America’s Continued Migrant Crisis
From Girish Modi, Decatur, GA
There are more than a million migrants released into the U.S. annually, and Congress repeatedly failed to provide more funding and immigration reform to fix what he has called a “broken” system. What is a magnet is the fact that the time in between an encounter of an individual at the border and their final ruling in their immigration case can sometimes take six or more years.
Biden administration is facing increasing pressure over handling of the crisis by pushing for deeper legislative reform and funding. But Republicans have blamed the crisis on the Biden administration’s policies, including its rolling back of Trump-era policies, narrowed ICE enforcement and its expanded releases over 5,000 illegal immigrants a day into the U.S. interior, and that doesn’t include the migrants being let in at ports of entry.
Biden is asking for $14 billion for border funding. But Republicans have said that the package must increase limits on asylum and the administration’s use of parole, which they say attracts migrants to the border. Senate Democrats have balked at those demands.
That’s why Biden is increasingly leaning on Mexico to curb the record flow of migrants crossing into the U.S., but Mexico has its own lists of ambitious demands for the U.S. Mexico is asking the U.S. to approve a plan that would deploy $20 billion to Latin American and Caribbean countries, suspend the U.S. blockade of Cuba, remove all sanctions against Venezuela and grant at least 10 million Hispanics living in the U.S. the right to remain and work legally.
All of those are extremely tall demands of an administration headed into a re-election campaign that may hinge on how firmly Biden is able to get control of the southern U.S. border, which saw record 300,000 migrants processed by Customs and Border Protection in December. Mexico brings significant leverage to the negotiations, since it would prefer that President Joe Biden win re-election in November, given Donald Trump’s rhetoric and actions during his time in office. But Biden is quickly running out of options to fix a problem that is driving down his poll numbers without increased support from Mexico. New asylum policies introduced by the Biden administration in May failed to deter migrants, as evidenced by the record surge.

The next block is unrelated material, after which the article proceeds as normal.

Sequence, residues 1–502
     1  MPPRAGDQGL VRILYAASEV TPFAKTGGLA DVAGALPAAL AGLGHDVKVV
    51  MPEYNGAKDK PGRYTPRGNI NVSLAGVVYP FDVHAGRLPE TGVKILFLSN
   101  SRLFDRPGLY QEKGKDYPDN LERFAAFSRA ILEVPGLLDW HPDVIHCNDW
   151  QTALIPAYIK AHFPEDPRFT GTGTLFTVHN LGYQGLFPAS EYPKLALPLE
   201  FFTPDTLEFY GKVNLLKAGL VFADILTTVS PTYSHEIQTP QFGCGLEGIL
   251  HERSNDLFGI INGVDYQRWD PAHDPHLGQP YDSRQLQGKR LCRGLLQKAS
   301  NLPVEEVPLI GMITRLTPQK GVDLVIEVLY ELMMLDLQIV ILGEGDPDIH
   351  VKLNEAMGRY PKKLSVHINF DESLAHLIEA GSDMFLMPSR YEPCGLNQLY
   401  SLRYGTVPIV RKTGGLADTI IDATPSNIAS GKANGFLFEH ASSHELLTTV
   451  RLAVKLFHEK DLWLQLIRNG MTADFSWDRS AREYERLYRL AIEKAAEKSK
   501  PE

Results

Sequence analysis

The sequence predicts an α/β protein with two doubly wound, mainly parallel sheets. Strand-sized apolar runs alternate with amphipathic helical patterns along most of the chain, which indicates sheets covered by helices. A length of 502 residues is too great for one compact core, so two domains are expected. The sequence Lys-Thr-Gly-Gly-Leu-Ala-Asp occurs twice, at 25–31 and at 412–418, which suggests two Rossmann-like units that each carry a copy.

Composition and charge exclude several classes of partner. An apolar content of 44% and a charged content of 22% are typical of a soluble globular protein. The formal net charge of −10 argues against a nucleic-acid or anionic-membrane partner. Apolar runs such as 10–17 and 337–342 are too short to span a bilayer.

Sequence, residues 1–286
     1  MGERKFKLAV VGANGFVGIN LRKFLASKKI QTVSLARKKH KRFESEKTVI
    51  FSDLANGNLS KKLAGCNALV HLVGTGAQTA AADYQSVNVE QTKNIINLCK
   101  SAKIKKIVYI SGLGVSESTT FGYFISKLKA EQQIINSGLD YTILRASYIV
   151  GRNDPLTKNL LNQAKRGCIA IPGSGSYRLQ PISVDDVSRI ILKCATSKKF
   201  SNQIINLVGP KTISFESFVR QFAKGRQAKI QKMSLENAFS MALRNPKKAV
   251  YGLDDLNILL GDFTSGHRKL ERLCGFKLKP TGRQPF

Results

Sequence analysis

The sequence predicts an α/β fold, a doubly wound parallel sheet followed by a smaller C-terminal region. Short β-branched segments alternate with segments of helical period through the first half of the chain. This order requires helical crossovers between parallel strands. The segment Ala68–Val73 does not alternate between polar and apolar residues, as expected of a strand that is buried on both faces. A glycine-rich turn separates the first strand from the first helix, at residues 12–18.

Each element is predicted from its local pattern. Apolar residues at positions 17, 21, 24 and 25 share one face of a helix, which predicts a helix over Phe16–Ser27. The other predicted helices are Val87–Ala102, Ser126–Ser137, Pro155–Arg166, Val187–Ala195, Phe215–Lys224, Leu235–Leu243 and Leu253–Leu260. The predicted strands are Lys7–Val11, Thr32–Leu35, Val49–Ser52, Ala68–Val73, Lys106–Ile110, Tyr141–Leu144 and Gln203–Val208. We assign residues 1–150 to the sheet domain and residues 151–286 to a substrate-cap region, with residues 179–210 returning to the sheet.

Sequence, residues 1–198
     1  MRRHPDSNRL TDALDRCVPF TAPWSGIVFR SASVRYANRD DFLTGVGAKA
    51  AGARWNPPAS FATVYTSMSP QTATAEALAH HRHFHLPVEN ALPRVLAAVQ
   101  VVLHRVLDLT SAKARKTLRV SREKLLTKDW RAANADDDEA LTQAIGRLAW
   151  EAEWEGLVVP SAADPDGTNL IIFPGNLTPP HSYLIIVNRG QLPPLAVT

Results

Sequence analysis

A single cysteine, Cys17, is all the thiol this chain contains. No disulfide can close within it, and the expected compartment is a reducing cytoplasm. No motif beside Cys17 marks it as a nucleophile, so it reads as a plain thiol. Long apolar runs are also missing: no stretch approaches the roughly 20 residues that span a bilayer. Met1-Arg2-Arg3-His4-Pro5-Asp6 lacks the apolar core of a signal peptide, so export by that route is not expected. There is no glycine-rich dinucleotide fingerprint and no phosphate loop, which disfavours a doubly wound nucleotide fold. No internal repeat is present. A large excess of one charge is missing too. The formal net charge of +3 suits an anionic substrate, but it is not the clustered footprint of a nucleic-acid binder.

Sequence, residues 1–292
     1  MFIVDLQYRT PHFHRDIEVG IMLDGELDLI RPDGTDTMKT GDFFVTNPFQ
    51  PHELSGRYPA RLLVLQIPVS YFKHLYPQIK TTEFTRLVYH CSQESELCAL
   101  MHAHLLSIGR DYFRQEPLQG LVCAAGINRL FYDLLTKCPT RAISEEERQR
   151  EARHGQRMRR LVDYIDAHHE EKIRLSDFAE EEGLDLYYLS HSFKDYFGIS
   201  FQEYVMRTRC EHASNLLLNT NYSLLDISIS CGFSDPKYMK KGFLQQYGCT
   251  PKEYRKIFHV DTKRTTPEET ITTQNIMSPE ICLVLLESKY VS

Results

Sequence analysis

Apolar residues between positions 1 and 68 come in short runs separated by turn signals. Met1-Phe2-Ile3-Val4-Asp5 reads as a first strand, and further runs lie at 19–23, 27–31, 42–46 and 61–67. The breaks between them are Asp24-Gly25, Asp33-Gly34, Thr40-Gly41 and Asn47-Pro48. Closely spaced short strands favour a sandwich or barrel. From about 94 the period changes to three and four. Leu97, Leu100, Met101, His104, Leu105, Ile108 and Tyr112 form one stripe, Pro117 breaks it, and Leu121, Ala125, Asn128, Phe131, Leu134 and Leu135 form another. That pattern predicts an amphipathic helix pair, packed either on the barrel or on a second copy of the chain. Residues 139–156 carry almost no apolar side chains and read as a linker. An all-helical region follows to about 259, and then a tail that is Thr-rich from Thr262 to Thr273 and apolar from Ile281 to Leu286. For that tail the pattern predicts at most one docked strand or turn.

To bring the numbers down, the Biden administration needs Mexico to let it push more non-Mexican immigrants back across the U.S. southern border, as the U.S. was able to do through early 2023. Mexico took back migrants over 1 million times each year for three years. Under current policies, Mexico has agreed to take back 30,000 migrants per month. U.S. negotiators also want Mexico to step up enforcement on its southern border with Guatemala and deport more migrants who are apprehended within the country.
Mexico is willing to help the U.S. by increasing enforcement, but it wants more financial aid for policing its borders. Mexico also wants the U.S. to show good faith about addressing the root causes of migration by investing more in programs to help Central and South American countries escape poverty. Mexico sees itself caught in the middle of a U.S. problem as most migrants are U.S.-bound and has depleted resources to taking in more migrants than its cities can handle.
(This submission is not edited.)